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MT 27 March 2016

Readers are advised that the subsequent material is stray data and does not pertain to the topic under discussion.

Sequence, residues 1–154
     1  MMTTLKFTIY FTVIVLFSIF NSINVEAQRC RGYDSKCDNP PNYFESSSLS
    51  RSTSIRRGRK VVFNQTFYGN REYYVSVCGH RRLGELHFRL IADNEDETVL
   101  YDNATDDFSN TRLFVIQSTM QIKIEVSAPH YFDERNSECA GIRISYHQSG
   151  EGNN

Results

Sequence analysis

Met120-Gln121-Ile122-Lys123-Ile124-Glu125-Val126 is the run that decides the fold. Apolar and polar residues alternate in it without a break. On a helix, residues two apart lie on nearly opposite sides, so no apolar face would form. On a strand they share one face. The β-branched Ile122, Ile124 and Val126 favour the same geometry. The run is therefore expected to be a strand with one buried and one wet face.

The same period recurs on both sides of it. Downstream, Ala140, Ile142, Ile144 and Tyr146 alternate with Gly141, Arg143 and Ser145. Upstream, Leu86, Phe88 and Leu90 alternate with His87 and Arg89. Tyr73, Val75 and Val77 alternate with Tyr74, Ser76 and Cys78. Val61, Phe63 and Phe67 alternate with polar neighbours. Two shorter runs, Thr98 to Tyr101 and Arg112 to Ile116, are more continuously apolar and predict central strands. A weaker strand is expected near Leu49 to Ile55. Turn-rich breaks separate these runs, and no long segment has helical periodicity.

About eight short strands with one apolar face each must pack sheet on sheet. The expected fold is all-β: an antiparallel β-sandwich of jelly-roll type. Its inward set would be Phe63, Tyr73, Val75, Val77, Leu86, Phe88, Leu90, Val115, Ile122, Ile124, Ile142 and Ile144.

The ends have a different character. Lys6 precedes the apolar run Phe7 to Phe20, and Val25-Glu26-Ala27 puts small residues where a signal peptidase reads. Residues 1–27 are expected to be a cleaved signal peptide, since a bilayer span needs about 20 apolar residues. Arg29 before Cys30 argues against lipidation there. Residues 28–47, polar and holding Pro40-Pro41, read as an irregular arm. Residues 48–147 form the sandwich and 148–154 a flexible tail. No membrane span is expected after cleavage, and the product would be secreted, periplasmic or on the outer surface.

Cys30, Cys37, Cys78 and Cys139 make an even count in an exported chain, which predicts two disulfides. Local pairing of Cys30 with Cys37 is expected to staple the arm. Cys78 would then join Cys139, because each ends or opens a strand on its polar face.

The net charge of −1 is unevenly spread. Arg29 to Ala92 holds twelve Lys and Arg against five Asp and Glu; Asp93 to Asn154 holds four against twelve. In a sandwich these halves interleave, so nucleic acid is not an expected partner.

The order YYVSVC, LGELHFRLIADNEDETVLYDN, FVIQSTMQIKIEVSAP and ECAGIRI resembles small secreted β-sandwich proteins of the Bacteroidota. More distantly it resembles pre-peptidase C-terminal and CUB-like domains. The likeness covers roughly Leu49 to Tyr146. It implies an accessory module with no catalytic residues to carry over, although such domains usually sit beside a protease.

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maltatoday, SUNDAY, 27 MARCH 2016 12 MaltaToday Survey How do you judge the way Archbishop Charles Scicluna is leading the Maltese church? How do you judge the way Pope Francis is leading the world church? THE survey reveals a considerable change in at- titudes towards social issues when opinions of re- spondents are compared with those expressed in surveys conducted in 2008 and 2010. Agreement with abortion in the case of rape has shot up from 20% to 31% when compared to 2008. Agreement with euthanasia for terminally ill pa- tients suffering from unbearable pain has also risen from 41% to 53%. Disagreement with the church's teachings on contraception has gone up from 69% to 77%. The survey also shows that university-educat- ed respondents are equally divided when asked whether abortion should be allowed in cases of pregnancy resulting from rape. But all other edu- cational groups opposed abortion in these specific circumstances. Interestingly, respondents aged between 35 and 54 years were the most favourable to abortion rights in cases of rape. While only 30% of under- 34-year olds and 28% of over-55-year olds favour the legalisation of abortion in this circumstance, support for abortion rises to 36% in the 35-54 years category. The survey also shows an overwhelming rejection of the church's ban on contraceptives. Only 3% of university-edu- cated respondents (and 15% of all respondents) agree with the church's stance on contraception. Majority against cartoons of religious figures While the survey suggests a liberalisation of social mores, it also shows that the vast majority think that newspapers should not be allowed to publish cartoons 'making fun' of re- ligious figures. This suggests a majority of the Maltese agree with censorship when it comes to offending deep rooted reli- gious sensitivities. The depiction of re- ligious figures in car- toons was brought to a head after the offices of satirical newspaper Charlie Hebdo, which distinguished itself with making satirical cartoons of religious figures like Moham- med and Christ, was singled out in a ter- rorist attack which saw 11 people mur- dered by Islamic fun- damentalists in Janu- ary 2015. The survey also shows that the vast majority of the Maltese are not motivated by islamophobia in objecting to cartoons like those published in Charlie Hebdo, and that the Maltese make little difference between satirical cartoons of Moham- med or Christ. In fact while 95% think that newspapers should not allow cartoons depicting Christ, 90% think that newspa- pers should not be allowed to publish cartoons de- p i c t i n g Mohammed. Support for the publication of cartoons making fun of both religious figures is higher among younger respondents. While 30% of 18- to 34-year olds agree that newspapers should be allowed to publish cartoons of Jesus Christ only 14% of 35- to 54-year olds and 4% of over-55-year olds agree. Educated respondents were also more likely to support the right of newspapers to publish cartoons of both Jesus Christ and Mo- hammed. Respondents with a secondary or primary level of education were the most likely to distinguish between the two religious figures. While 5% of secondary-educated respond- ents agree with publishing cartoons of Jesus, 7.3% agreed with publishing cartoons of Mohammed. And while 95% of respondents with a primary education oppose publishing cartoons of Mohammed, 95% opposed publishing cartoons of Jesus. Respondents with a higher education opposed the publication of cartoons of both religious figures by the same margin. 65% of under-35-year olds do not attend Sunday mass Although the Maltese overwhelmingly (89%) define them- selves as Catholics, only just over half go to Sunday mass. The survey indicates that 65% of under-35-year olds do not attend Sunday mass. But overall the survey indicates lit- tle change in attendance at mass when compared to the last church census carried out in 2006, which showed 53% attend- ing mass. The MaltaToday survey has 51% saying that they had attended mass the previous Sunday. The rate of Sunday mass participation rises to 62% among over-55-year olds. The survey indicates that Malta still has a higher rate of church attendance than other Catholic countries like Spain (21%), Ireland (46%) and Italy (31%) but lower than that of Po- land (54%). This suggests that Catholic ritual remains an inte- gral part of the life of a large section of the Maltese population. The survey also finds that core Catholic beliefs, such as the belief in eternal damnation are waning. The survey also shows that only 40% of under-35-year olds and of university-educat- ed respondents do not believe in hell. The survey also shows an overwhelming approval of the way Pope Francis is leading the global church and a more luke- warm approval for the way Archbishop Scicluna is leading the Maltese church. While only 12% judge Scicluna's leadership negatively, 47% express a positive judgement. A large segment (31%) express a so-so judgement. Significantly 30% of under-35-year olds could not express a judgement on Scicluna while a majority of over-35-year olds expressed a positive judgement. On the other hand 93% judge Pope Francis's leadership posi- tively. Only 0.4% judge the pope's leadership negatively. Maltese not keen on church speaking on tax evasion Yet in contrast to Pope Francis's highly politicised pontifi- cate, marked by sharp pronouncements against indifference towards migrants and the ravages of global capitalism, a slight relative majority of 46% of the Maltese would like the Maltese church to speak less in favour of accepting migrants, while 44% want the church to speak more on this issue. A relative majority would also like the church to speak less against tax evasion. Only 37% would like the church to speak more on this issue, on which the church has been quite silent, though tax evasion is considered a sin by the universal church: In 1992 the Vatican issued a new universal catechism which identifies a range of new sins that are products of modern- day society. These include tax evasion, mistreatment of im- migrants, financial speculation, abuse of the environment and genetic engineering. In 2008 Pope Benedict XVI also lashed out against tax ha- vens, calling for the effective closure of secretive tax havens as a 'necessary first step' to restore the global economy to health. In line with the present Pope's strong environmental stance a small majority think that the church should speak more against ODZ development. The survey shows the public even- ly divided on whether the church should speak more or less against embryo freezing, with a slight majority calling on the church to speak more on this issue. Youth and higher education show less adherence to religious dogma 0 10 20 30 40 50 60 70 80 90 100 All 18-34 35-54 55+ 47% 11.6% 30.6% 10.8% 36.1% 20.4% 13.4% 30.1% 52.1% 13.2% 28.7% 6% 55.3% 6.6% 35.9% 2.2% 0 10 20 30 40 50 60 70 80 90 100 All 18-34 35-54 55+ 92.9% 94.2% 5.8% 92.1% 94% RELIGIOUS ROCK STAR Whoever in the world gets an over 90% approval rating? NO CHARLIE PLEASE, WE'RE MALTESE The kind of humour that will never sit well with the Maltese LEGEND • POSITIVE NEGATIVE SO AND SO DON'T KNOW Against embryo freezing Accepting migrants Against tax evasion Against ODZ development 0 10 20 30 40 50 60 70 80 90 100 43% 42.1% 14.9% 43.9% 45.6% 10.5% 36.6% 42.1% 21.3% 44.1% 43.2% 12.7% MORE LESS DON'T KNOW Should the church speak more or less on these issues: Did you participate in Sunday mass last week? All 18-34 35-54 55+ 0 10 20 30 40 50 60 70 80 90 100 52.6% 43.9% 3.5% 32.5% 65.1% 2.4% 57.7% 41.4% 0.9% 75.2% 19.4% 5.4% YES NO SICK